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Tuesday, August 25, 2015

Back From Vacation, Family, First Investor Funds Received, Sales Approach $2,000 and on to The Jubilee Issue

I returned from my vacation to Vancouver on Saturday, so I am a little late in writing this post. I sold a lot of stamps from the Large Queens and Small Queens while I was away, so it took me all day yesterday to fill the orders and send them out. After yesterday's orders, my sales total for the month period from July 23 to August 23 was just under $1,900, which is very encouraging indeed. In fact, it is about double the sales I had projected in my business plan. I have to be careful not to get too excited lest I jinx myself. It is difficult to tell if the sales are due to the fact that the Large and Small Queens are just more popular, or whether I will see this kind of sales activity across the other issues as well.

What is interesting is to see what has been selling: it is generally the stamps in the $2-$25 range. For this period, that generally includes a lot of stamps with faults, such as creases, tears or thins, since the sound examples are much more expensive. The reason why this interesting is that historically, these have been the most difficult stamps to sell. Dealers have usually found the scarcer, high catalogue value stamps easier to sell. But on e-bay that seems not to be the case. I am wondering if there has been a shift in collector preferences, or whether e-bay simply reaches a larger base of collectors, many of whom are less concerned about condition that traditional collectors have been.

The purpose of my trip was twofold: to meet with my primary investor to collect payment from him for his shares and to re-connect with my family on the occasion of my birthday and my mother's birthday (both on August 19). I was reconnecting with two families as well: my adoptive family and my birth family (my birthmother Pat and her daughter Gillian and partner Tyson). In addition to family, I had my friend Nicole and her children to see as well as former co-workers from my early days in accounting. So many connections and so little time to make them. But I felt very blessed on this trip because this was the first time in almost 20 years that my brother, sister, mother and myself had attended a family event together, and we were all getting along. We had been estranged for so many years that it seemed many times as if that day would never come. But it did: I will never forget the look on my mother's face when I introduced her to my son, who was now almost 21, that she had not seen since he was 6. She looked so incredibly happy to see him. I also finally met my youngest nephew Aran, who is the cutest boy I think I have ever seen - walking around with a permanent grin pasted on his face. It was all a reminder of one of the reasons why I am on this journey in the first place: the preciousness of family and creating memories with it.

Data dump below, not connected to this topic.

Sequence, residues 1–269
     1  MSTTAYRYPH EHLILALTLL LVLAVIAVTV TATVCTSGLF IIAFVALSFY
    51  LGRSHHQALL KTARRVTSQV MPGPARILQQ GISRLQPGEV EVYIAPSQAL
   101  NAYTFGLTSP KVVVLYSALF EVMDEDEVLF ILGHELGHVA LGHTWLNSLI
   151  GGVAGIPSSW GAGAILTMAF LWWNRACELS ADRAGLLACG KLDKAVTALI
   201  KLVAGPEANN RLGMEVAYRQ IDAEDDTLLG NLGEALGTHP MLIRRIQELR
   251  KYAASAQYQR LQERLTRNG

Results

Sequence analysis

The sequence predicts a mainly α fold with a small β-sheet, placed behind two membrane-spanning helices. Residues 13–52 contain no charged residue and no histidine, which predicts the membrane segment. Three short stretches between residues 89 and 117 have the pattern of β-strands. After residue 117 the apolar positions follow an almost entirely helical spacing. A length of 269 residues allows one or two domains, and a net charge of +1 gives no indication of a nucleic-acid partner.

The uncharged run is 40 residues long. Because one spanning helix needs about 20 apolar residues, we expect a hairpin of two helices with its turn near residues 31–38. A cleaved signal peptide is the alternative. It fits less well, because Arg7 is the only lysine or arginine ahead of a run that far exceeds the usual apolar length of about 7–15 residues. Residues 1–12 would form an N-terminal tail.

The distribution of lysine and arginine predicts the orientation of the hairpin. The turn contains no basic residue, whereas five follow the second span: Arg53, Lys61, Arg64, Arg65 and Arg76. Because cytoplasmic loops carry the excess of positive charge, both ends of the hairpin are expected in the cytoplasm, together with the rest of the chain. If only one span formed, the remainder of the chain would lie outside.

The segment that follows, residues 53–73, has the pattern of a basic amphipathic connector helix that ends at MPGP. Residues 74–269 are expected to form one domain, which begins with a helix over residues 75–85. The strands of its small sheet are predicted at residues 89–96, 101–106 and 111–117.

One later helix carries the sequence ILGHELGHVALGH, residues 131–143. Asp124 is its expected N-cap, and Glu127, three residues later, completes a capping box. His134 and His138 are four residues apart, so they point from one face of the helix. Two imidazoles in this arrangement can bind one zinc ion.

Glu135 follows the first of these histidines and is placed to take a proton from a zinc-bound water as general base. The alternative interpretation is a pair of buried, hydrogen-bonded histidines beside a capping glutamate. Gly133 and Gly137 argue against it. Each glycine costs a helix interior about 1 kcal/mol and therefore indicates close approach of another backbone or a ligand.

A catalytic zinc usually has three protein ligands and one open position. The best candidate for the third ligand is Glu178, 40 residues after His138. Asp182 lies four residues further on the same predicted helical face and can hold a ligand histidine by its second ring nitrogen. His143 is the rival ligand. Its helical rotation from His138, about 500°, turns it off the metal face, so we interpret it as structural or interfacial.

I had a very successful meeting with my investor and collected a cheque for just under $42,000, which will cover most of the purchases made with my own funds over the last several months. So the clock is now officially ticking as of August 31. That is when the interest clock on the investment starts. But with sales being what they are this first month, I am fairly confident that making the annual interest payments and the share redemption in 5 years will not be a problem. However, I am reminded that I need to establish a sinking fund to ensure that those payments will be made on time.

I did purchase a few select used Small Queens while I was away, so I will list those first today before I move on to the Diamond Jubilee Issue of 1897, that was issued to celebrate the 60th anniversary of Queen Victoria's reign.

Finally, I came back to a thriving garden. I post pictures pof what it looked like 6 weeks ago when I planted it versus now:


The upper bed 6 weeks ago

The upper bed now


The lower bed 6 weeks ago

The lower bed now

Nature really is amazing. It is so easy in today's busy, attention-challenged world to remember that. Tomorrow I will share some of my thoughts on a topic that has been on my mind quite a bit of late: the prognosis for humanity. I hear many pessimistic predictions for the future of our planet, but I want to offer another, more uplifting perspective. 

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